The number of respondents in 2018 set a record for largest demographic of teachers to respond came from teachers with 11-20 years of experience. 1,076 schools in North Carolina achieved a 100 percent response rate to 2016 survey. NC TWC 2016 survey included questions on the following topics: Community Engagement and support, teacher leader ship, school leadership, managing student conduct, use of time, professional development, facilities and resources, instructional practices and support, and new teacher support. The lowest scored construct from the 2016 TWC survey was the use of time in the workplace. The highest score construct from the TWC survey School leadership as one of the main factors that most affects educators to stay committed to school.

Factors of Stress in the Learning Environment

According to Greenberg, M.T., Brown J. L., Abenavoli, R.M. (2016) teachers stress comes from four sources which are: School Administration, school demands, work resources, and social emotional competence. In examination of other research studies previously conducted on school-level environment, Cohen, McCabe, Michelli, and Pickeral (2009) research identified four aspects of school-level environment as well. The four aspects of the school level environment are physical, social emotional safety, teaching quality, relations & collaboration, and the structural environment (Cohen et al., 2009).

These four aspects form school level environment, and aspects of school-level environment affect the experiences of individuals within that organization (Cohen et al., 2009). Along with those four aspects of the school environment it was found through research it has found that teachers perceptions of their school environment are closely associated with their sense of stress (E. Skaalvik & S. Skaalvik, 2009), teaching efficacy (Hoy & Woolfolk, 1993), job satisfaction (Butt et al., 2005; Taylor & Tashakkori, 1995), teachers’ burnout (Grayson & Alvarez, 2008) and their work commitment (Collie, Shapka, & Perry, 2011).

Wage Effect on Stress and Classroom Environment

Place yourself at any job no matter the career field, although you may thoroughly enjoy your employee position, if you’re unable to obtain the quality salary that you need to provide for yourself and or family it will likely cause for major conflict and frustration. As you examine the state of North Carolina teacher salary it gives great context into one of the key reasons why teachers are more stressed and frustrated with the education system.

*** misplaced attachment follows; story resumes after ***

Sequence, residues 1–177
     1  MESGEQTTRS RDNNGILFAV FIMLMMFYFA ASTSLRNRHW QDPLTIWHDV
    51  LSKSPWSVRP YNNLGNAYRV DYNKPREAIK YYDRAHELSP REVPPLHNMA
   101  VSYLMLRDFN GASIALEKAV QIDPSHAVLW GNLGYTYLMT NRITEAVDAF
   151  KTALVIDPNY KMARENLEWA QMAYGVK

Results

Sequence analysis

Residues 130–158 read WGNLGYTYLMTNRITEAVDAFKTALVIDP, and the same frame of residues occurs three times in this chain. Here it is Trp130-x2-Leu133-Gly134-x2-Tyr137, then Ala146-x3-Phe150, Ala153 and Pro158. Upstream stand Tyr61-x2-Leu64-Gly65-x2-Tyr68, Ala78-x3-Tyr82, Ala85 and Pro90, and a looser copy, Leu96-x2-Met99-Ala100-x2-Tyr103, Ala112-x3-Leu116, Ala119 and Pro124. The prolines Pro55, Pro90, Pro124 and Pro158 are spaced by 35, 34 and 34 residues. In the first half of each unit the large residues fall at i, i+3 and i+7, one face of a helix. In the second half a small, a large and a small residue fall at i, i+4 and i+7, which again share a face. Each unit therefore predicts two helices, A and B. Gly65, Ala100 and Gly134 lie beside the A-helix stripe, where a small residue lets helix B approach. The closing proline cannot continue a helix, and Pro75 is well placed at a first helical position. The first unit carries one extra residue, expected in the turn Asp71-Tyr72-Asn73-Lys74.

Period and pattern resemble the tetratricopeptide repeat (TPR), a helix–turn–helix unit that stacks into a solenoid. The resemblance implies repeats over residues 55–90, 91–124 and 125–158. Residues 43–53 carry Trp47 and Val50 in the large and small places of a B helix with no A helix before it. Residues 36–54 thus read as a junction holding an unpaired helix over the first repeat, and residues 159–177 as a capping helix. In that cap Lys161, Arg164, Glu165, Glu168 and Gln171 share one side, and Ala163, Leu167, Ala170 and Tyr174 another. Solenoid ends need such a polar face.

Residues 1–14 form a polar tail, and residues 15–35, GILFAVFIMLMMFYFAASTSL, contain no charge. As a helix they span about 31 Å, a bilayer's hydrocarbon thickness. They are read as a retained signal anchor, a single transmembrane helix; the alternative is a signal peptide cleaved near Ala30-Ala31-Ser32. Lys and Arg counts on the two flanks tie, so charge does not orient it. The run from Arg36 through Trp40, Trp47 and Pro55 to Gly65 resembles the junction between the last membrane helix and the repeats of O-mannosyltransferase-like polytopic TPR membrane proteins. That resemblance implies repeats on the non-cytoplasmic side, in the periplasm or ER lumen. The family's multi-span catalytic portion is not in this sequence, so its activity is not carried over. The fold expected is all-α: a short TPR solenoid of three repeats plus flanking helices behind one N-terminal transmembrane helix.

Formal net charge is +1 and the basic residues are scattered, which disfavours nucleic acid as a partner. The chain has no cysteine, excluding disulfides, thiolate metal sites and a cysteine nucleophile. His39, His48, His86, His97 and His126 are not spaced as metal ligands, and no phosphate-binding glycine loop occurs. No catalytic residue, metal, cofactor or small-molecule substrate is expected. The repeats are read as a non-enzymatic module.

Currently North Carolina leads the country in number of teachers who have earned certification from the National Board for professional teaching standards. Although North Carolina leads the country in certification from the national board, they are not compensated accordingly. In 2017-2018 NC educators average a salary of $50, 861. These figures are $9,600 less than the national average of $60, 483. The issue of salaries has led to NC teacher pay being placed at 41st in the nation.

The rank of NC teacher pay along with risky job security, no incentive, and per pupil spending at 39th has led to more educator strikes and teaching jobs to be less appealing in the state of North Carolina. Unequal salary wages in the North Carolina education system has led to teacher shortages. Reports in 2016-2017 revealed that 53.6% of teachers left for personal reasons. 9.4 % of teachers left North Carolina to teach in another state with better pay wages while another 10.6% left to pursue a different career. Over half of the participants of this survey were teachers in their first five years.

Through concerns over income it has caused more teachers to focus on ways to pay bills per month which has caused for less time to be focused on the classroom. The increasing rates of teachers leaving states to teach in other states is also costing all U.S. schools. The National Commission on Teaching and America’s Future estimates the turnover rates of educators have cost more than $7.3 billion per year. The turnover cost per teacher is estimated at $4,000 in rural areas, and $17,000 in urban districts. From the figures discussed you get a chance to examine the salary gap between North Carolina vs other states. These figures also reveal the cost that high teacher turnover is having on the education system.

Lack of Resources